Colin Dixon, Senior Analyst, IP Media and Michael Greeson, Founder & CEO of The Diffusion Group have posted an essay entitled “Recasting the Concept of Podcasting: Part I.” The essay points out what many of us suspected, the vast majority of people consume podcasts on their computer (or not at all) as opposed to on a portable device. The authors cite a study by Bridge Data indicating 80% of podcasts never make it to a portable device. The essay focuses on the existing definition used by the New Oxford American Dictionary which includes “downloading to a personal audio player” and then goes on to suggest creating a new “understanding” of podcasting starting from scratch. As someone who was around when the term first was used (Dave Slusher’s September 18th, 2004 post regarding Dannie Gregoire’s “podcaster” user agent hitting his URL – now there is some podcasting history for you) I never presupposed it required a portable device; just that podcast files could make that migration. This was an added benefit hopefully leading to increased consumption. The authors correctly point this out in their article and make a distinction of what “podcasting” means now that Apple’s marketing team is involved.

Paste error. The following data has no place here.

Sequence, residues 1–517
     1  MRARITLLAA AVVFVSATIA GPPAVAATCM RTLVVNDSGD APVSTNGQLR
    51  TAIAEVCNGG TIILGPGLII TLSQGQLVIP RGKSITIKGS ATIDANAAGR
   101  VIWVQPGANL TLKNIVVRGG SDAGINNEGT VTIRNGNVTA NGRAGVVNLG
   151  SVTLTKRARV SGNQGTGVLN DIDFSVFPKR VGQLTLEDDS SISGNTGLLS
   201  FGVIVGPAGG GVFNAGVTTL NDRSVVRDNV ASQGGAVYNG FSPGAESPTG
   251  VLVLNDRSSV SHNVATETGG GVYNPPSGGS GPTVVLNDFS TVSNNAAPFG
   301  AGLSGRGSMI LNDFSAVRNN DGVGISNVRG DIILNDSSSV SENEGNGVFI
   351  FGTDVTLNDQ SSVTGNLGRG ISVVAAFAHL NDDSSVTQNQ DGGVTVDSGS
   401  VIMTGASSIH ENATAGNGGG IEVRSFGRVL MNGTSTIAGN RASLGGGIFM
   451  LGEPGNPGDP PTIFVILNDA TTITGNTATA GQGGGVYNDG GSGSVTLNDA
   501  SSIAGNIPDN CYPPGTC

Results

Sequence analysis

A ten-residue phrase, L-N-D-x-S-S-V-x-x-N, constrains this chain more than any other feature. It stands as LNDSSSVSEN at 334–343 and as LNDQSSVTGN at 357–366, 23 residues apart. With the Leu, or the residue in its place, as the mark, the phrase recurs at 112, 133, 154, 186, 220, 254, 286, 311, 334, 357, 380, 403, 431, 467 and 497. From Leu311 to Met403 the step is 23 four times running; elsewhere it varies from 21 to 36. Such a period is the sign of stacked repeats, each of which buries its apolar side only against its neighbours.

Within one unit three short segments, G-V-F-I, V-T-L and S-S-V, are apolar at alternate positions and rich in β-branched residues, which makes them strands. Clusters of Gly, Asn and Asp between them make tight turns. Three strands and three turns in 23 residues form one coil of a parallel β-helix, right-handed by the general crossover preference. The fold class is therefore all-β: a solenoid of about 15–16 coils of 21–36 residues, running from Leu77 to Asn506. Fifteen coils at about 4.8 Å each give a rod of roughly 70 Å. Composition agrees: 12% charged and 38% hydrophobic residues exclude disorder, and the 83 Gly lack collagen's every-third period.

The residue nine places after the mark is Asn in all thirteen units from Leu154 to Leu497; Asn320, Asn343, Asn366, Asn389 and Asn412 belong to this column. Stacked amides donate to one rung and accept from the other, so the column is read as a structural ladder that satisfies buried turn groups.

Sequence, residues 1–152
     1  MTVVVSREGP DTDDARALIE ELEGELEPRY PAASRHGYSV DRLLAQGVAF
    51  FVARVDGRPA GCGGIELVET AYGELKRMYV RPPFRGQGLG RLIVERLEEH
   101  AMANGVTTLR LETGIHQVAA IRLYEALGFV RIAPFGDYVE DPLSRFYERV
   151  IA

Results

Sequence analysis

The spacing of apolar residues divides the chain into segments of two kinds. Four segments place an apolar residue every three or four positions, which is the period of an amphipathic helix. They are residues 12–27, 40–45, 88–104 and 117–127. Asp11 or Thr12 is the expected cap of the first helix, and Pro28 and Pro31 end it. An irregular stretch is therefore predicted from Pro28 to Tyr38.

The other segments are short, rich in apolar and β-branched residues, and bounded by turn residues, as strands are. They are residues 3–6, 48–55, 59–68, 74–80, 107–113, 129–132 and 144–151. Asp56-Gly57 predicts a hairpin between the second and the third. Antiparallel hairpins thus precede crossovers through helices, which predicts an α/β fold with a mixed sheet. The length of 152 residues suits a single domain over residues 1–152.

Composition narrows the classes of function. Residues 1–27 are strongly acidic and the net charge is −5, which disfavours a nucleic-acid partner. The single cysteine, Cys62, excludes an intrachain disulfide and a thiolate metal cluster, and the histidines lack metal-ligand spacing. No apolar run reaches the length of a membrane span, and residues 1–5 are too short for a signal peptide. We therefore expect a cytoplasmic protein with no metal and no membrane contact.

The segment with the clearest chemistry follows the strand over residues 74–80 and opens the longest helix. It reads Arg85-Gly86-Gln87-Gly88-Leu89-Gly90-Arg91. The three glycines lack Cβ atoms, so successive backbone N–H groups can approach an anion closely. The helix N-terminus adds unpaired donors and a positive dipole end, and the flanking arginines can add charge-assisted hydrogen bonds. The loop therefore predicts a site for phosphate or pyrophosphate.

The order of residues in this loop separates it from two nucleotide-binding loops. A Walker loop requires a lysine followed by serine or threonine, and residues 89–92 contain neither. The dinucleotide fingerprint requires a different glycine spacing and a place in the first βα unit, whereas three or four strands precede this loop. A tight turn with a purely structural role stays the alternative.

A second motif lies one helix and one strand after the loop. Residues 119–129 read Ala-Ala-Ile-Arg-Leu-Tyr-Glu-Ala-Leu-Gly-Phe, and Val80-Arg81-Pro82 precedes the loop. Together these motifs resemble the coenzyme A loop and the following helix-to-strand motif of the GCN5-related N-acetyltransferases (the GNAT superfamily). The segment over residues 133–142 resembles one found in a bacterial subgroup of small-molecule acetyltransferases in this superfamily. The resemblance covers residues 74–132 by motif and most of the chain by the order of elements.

The information is interesting. What is troubling is, in an article focused on the technical meaning of podcasting, the authors misuse the term “podcaster” and seem to have no idea what it means:
You mean to say that four out of five “podcasters” don’t consume podcasts on a portable device? You mean these are “poser podcasters”? ….(b) 80% of those who we call “podcasters” are nothing of the sort.
They have confused podcast listeners with podcasters, i.e., those who create and disseminate podcasts. This is akin to confusing a radio listener and a broadcaster. Why am I writing about this? Because The Diffusion Group has a number of studies focused on podcasting that are often referenced in the media. Since they hold themselves out as an authority, it is important that they are correct on such basic issues. This is the kind of stuff I usually just ignore, but anyone who sells their research reports on podcasting for $1495.00 a piece ([link] and [link]) has a duty to be right on these issues. I guess I just worry when the “experts” get the basics wrong. I’d be curious to see if their podcast research reports contain similar mistakes, but I just can’t justify spending three grand for the pleasure of proofreading them.